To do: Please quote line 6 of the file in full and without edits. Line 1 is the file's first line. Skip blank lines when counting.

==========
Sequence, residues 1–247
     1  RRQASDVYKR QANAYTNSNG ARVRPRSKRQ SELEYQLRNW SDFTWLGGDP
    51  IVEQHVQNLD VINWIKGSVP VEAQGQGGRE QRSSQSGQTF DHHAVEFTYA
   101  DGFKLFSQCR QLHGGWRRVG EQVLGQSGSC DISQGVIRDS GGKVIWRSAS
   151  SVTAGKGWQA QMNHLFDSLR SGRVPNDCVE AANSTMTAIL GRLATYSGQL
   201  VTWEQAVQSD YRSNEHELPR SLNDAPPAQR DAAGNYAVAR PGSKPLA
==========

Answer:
   201  VTWEQAVQSD YRSNEHELPR SLNDAPPAQR DAAGNYAVAR PGSKPLA